The Real Skinny on Your Skinny Margarita
Pennsylvania is literally one of the very last states to start, let alone finish, the conversation around privatizing the sale of liquor.
Liquor legislation, which would either privatize or reform Pennsylvania’s current liquor law (depending on which bill one is considering) has been discussed in the General Assembly during several legislative sessions. It has been a priority for a number of legislative leaders while others have strongly opposed.
Most Republican legislators in the House and some in the Senate generally are interested in divesting the State from the business of selling liquor; some for fiscal reasons others for philosophical ones. A few House Republicans and more Senate Republicans are against full privatization, preferring reform to varying degrees. The Governor and Democratic legislators favor some degree of reform, primarily to increase consumer convenience, while keeping the liquor store system intact.
Stumbling Over Beer
Who should be able to sell beer? That is a question that is also up for debate. Beer distributors want no change to their monopoly of selling beer by the case. Supermarkets and convenience stores want to sell beer without having to buy expensive restaurant licenses, which a few of them across the State have done. Taverns want to be able to sell more than their currently allowed two six packs. The “who should sell beer?” issue complicates the already robust discussions over who should sell wine and spirits.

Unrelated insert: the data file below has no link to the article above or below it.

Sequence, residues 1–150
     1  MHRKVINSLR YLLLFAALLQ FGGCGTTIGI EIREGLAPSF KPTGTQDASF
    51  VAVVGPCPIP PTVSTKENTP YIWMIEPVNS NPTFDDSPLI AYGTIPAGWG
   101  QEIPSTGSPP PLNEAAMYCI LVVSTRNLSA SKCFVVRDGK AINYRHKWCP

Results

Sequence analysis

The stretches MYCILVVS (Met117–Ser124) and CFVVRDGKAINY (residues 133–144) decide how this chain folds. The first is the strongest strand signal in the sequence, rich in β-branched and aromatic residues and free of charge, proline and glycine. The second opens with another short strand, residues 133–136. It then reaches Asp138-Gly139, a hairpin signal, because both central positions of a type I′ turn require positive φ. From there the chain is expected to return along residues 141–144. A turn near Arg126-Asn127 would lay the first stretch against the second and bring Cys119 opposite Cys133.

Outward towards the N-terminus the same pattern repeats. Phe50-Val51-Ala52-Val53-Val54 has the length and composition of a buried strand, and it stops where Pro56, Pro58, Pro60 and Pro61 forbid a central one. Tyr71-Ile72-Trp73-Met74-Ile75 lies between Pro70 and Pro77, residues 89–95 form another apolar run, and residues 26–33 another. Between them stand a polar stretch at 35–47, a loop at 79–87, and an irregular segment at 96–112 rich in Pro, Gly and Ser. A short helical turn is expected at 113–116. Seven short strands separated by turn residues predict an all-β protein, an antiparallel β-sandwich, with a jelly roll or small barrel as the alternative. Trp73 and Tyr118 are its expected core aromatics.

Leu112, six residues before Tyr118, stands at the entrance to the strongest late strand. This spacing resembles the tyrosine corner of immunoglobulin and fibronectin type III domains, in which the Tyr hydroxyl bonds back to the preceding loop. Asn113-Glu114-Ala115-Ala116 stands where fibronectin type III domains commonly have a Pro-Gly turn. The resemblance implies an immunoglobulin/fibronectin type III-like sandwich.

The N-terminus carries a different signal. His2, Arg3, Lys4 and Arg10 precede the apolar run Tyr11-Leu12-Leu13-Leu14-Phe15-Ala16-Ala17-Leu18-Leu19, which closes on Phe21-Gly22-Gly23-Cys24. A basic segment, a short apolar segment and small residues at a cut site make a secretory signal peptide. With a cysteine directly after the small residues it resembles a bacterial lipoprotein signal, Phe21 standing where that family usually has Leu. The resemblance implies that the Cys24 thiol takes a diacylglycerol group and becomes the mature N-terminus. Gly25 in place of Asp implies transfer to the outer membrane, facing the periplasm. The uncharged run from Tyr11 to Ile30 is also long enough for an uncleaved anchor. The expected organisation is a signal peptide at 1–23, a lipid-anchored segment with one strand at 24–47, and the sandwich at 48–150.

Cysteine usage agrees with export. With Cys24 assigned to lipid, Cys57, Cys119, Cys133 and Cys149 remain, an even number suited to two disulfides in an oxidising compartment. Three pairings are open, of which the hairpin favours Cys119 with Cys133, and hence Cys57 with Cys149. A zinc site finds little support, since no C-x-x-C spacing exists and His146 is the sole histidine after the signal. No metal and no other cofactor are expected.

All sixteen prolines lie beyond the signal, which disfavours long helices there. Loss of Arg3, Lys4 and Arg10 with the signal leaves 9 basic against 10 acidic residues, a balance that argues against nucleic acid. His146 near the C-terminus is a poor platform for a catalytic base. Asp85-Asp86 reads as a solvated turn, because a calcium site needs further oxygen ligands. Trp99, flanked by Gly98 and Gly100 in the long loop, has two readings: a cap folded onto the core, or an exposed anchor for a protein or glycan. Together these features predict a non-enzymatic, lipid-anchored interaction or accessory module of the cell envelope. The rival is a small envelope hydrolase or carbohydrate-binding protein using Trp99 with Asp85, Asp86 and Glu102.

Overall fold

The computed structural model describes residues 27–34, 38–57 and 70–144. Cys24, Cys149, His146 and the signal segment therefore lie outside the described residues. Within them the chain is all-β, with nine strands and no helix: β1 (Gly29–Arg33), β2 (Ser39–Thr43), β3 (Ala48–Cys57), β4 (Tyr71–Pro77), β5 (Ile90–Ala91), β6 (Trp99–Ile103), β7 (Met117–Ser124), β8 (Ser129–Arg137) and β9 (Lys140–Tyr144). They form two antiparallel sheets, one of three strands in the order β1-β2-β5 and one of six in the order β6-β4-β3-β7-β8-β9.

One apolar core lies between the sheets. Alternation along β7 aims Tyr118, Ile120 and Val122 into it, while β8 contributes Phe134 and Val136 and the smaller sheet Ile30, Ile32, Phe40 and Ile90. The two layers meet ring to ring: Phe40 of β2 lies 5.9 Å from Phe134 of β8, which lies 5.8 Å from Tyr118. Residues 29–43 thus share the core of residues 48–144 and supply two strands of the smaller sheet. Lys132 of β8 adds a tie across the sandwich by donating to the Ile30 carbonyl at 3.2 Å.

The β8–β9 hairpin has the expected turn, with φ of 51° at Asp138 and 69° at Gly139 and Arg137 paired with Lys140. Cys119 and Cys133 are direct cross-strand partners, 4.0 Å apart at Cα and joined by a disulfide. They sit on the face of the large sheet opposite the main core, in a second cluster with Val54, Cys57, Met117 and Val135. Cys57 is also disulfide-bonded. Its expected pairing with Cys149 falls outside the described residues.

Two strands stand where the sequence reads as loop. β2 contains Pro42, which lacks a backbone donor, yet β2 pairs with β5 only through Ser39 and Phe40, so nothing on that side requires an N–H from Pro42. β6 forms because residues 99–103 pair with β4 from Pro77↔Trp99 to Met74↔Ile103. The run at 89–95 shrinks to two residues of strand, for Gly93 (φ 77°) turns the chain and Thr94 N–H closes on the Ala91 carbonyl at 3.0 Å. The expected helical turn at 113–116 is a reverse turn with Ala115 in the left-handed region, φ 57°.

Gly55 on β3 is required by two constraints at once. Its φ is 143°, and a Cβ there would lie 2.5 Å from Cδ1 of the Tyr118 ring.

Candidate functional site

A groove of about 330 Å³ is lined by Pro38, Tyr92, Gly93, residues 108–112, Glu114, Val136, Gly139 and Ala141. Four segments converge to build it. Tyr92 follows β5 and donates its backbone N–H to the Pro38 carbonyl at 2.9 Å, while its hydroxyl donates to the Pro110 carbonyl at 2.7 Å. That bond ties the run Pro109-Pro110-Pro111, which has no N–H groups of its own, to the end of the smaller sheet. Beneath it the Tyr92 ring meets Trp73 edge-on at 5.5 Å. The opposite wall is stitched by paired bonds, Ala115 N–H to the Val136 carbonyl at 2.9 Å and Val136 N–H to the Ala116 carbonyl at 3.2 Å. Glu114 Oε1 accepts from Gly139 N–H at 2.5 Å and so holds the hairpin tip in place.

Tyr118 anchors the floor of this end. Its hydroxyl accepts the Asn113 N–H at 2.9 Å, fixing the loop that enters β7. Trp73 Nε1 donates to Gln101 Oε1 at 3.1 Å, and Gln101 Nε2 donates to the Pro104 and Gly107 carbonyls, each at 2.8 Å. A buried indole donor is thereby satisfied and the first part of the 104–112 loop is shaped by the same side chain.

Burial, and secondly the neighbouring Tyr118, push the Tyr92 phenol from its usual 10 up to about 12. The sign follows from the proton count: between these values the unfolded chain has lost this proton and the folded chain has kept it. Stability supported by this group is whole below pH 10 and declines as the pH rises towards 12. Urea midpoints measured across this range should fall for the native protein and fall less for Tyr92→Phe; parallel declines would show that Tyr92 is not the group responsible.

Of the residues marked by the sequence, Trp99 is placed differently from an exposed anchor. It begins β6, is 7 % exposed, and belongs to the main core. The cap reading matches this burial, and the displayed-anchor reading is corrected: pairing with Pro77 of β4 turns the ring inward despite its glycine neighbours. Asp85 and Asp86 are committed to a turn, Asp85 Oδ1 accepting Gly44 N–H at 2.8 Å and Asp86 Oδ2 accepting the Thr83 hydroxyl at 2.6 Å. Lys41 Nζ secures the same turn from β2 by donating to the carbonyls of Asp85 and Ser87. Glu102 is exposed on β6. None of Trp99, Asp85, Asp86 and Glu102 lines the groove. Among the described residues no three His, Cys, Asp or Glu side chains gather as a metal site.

House Bill 466 (Prime Sponsor – Speaker Mike Turzai) passed the House and Senate, with amendments which the House agreed to, on June 30, 2015 but was vetoed by the Governor on July 2nd. House Bill 1690, also prime sponsored by the Speaker, passed the House in November 2015 and was then passed by the Senate in December with numerous amendments. It has remained in the House Rules Committee since then.
Various House and Senate Democrats have also introduced liquor bills trying to satisfy majorities. None have been reported out of committee.
Legislators favoring liquor privatization continue this year to seek a compromise position between those policy makers who want privatization and those who will accept some reforms to our current liquor system that brings consumers more convenience yet maintains the status quo on State owned liquor stores.
As Pugliese Associates represents the Pennsylvania Restaurant and Lodging Association, we are advocating for full privatization. At the very least, legislation should be enacted this year that reduces costs to licensed establishments for the purchase of wine and spirits. Pennsylvania restaurants pay some of the highest costs in the country for wine and spirits; resulting in higher costs to customers. Additionally, providers like our PRLA members should have the opportunity to sell a few bottles of wine “to go” to customers who ask for this convenience – ultimately providing better access and reduced costs to the consumer.
We are hopeful that a liquor bill will pass as part of the negotiations for a compromise on the 2016-2017 budget and we will continue to encourage and support legislation in this direction.
However, as most all are aware, Governor Wolf and House and Senate leaders have had difficulties reaching agreement this past year with regard to the budget and budget related bills. With that history, it is again unclear (as of this moment) when or if agreement will be reached on the upcoming budget, with or without pension and liquor reforms.
Stay tuned to Pugliese Associates for further updates.